A few samples are shipped with the product, but not enough to really get your teeth into. However, a quick surf over to a dedicated web site, loopology.com, provides over 2000 free loops grouped into 15 categories such as Ambient, Asian, Blues, Bossanova, Classical, Industrial, Jazz, Seventies Funk, Techno, Urban and so on. Whatever your preferred style, there is probably something here to suit, played by real musicians on real instruments! Loops can also be searched by instrument (piano, synth, guitar, drums, and so forth) and thanks to the 10:1 data reduction, even lengthy loops can be downloaded pretty quickly. After 'unpacking' they can then be dropped straight into a song.
The Loopology loops are all free for use in either commercial or non-commercial projects, and the method of manipulation — as well as the loops themselves — is so good that knocking up a decent backing track, creating a music bed or sting, or just experimenting with song structure is remarkably fast and easy.
Some of the most significant new additions to CEP 2.0 are comprehensive facilities to create and work with sample loops, and the ability to open and run MIDI files. The looping facilities (see box above) are very impressive and remarkably easy to use, with an extensive and completely free loop library available via the Internet. The MIDI functions are basic, but useful nonetheless, and MIDI file data is displayed in the appropriate track as 'piano-rolls'.
Should you be interested in writing music for picture or adding a soundtrack to your home movies, CEP will also accommodate AVI video files and run them locked to the multitrack timeline, with the picture being displayed in yet another floating window. For more serious users wanting to synchronise to external video-related equipment, another useful improvement is that Cool Edit Pro can now act as an EBU-SMPTE and MTC timecode master — it could only slave to these timecodes in previous versions. Oh, and the annoying bug that prevented CEP from responding to code beyond a certain time has also been fixed!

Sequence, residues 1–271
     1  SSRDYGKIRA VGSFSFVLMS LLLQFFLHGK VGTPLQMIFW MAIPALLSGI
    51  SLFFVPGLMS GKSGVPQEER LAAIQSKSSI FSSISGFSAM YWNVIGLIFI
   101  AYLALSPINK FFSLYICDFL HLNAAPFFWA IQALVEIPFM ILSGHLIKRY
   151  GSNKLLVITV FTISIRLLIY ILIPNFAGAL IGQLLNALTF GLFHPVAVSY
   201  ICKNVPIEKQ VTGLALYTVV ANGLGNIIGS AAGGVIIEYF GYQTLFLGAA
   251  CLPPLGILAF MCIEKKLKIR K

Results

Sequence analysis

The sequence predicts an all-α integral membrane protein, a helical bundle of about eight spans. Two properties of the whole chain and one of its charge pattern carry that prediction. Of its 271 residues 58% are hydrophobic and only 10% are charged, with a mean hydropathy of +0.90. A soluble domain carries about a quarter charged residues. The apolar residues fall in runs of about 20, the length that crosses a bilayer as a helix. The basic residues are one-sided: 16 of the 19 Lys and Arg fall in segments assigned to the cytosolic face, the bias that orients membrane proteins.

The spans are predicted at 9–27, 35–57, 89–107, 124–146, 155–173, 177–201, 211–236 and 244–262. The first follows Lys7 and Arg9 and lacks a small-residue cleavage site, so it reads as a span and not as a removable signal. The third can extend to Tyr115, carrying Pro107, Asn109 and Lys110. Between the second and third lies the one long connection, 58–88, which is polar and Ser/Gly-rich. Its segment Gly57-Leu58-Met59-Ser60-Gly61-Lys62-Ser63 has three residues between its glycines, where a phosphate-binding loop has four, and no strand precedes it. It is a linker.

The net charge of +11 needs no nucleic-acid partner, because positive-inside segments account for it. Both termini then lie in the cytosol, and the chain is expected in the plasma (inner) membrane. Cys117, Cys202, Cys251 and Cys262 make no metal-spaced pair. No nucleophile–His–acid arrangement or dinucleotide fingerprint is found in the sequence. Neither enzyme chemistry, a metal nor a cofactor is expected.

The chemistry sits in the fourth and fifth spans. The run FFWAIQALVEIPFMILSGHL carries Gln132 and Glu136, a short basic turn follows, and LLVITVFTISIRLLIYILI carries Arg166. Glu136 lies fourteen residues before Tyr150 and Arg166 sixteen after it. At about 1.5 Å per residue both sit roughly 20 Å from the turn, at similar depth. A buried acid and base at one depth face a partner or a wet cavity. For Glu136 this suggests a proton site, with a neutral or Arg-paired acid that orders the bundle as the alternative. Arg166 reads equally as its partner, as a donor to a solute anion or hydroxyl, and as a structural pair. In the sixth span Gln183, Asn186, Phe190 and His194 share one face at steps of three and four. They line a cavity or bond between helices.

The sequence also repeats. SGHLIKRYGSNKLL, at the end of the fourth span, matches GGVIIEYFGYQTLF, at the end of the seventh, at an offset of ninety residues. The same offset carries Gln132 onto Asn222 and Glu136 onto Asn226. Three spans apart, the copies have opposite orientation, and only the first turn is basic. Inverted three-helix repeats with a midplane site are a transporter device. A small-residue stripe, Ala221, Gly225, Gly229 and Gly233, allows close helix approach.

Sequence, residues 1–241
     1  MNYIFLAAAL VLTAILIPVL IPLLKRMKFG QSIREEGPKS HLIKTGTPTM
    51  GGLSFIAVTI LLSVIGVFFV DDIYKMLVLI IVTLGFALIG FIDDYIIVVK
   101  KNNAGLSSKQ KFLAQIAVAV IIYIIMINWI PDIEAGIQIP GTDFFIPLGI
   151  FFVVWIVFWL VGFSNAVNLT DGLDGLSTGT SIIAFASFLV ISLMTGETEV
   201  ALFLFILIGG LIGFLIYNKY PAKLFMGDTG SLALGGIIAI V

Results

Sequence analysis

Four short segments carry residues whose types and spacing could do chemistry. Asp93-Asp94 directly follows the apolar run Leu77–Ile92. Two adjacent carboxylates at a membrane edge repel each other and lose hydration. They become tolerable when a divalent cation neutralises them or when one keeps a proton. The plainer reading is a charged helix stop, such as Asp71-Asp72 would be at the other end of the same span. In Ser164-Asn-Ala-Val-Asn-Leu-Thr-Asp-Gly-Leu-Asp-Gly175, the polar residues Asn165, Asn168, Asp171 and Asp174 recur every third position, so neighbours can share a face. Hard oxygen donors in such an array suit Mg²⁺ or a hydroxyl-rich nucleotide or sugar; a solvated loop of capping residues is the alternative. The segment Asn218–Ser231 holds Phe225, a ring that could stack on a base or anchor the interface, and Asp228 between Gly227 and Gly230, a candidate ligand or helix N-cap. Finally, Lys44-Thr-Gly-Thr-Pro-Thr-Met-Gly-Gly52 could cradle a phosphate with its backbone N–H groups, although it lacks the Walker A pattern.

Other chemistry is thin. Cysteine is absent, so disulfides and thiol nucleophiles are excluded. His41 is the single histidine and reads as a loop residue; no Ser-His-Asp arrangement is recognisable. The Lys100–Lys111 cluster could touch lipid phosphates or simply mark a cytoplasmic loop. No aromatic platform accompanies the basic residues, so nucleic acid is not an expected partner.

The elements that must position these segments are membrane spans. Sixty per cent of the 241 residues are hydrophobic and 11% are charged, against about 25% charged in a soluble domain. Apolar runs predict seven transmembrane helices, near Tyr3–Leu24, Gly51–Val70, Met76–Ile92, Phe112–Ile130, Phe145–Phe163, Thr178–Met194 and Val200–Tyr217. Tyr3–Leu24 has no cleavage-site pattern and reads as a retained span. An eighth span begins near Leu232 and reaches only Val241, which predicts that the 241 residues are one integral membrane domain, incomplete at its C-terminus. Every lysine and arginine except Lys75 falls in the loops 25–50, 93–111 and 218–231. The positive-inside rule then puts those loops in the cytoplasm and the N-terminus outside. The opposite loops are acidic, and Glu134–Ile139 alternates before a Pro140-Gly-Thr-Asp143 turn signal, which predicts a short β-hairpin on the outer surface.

Various other relatively minor yet useful upgrades and additions have been incorporated in CEP 2.0. For example there is a level normalising facility which operates on a selected group of audio clips in the multitrack window, and new real-time envelope manipulation facilities allow programme-related dynamic effects to be created, either from presets or manually.
Many professional and semi-pro engineers dismissed the early versions of Cool Edit Pro out of hand. After all, how could such cheap PC software possibly compare to 'proper' DSP workstations like Pro Tools, SADiE or Sonic Solutions? However, CEP proved itself in action to be a remarkably capable, reliable and intuitive tool, which was extremely cost-effective — so much so that numerous branches of BBC Radio have come to rely on it completely in recent years.
Nevertheless, version 1.x had some limitations and frustrations, almost all of which have been addressed in version 2.0. Indeed, pretty much every aspect of the original has been improved or extended, and not just in terms of the user interface: it seems that most of the signal processing algorithms have been overhauled and updated too. Cool Edit Pro 2.0 remains as fantastically easy and logical to use as its antecedents, yet has extended and improved upon the functionality and enhanced the appearance. It compares well with any of the upmarket alternatives, particularly given the price, and will appeal to novices and technophiles alike, providing simplicity of operation or sophistication of signal analysis and processing as required. It even has facilities to convolve signals, for heaven's sake!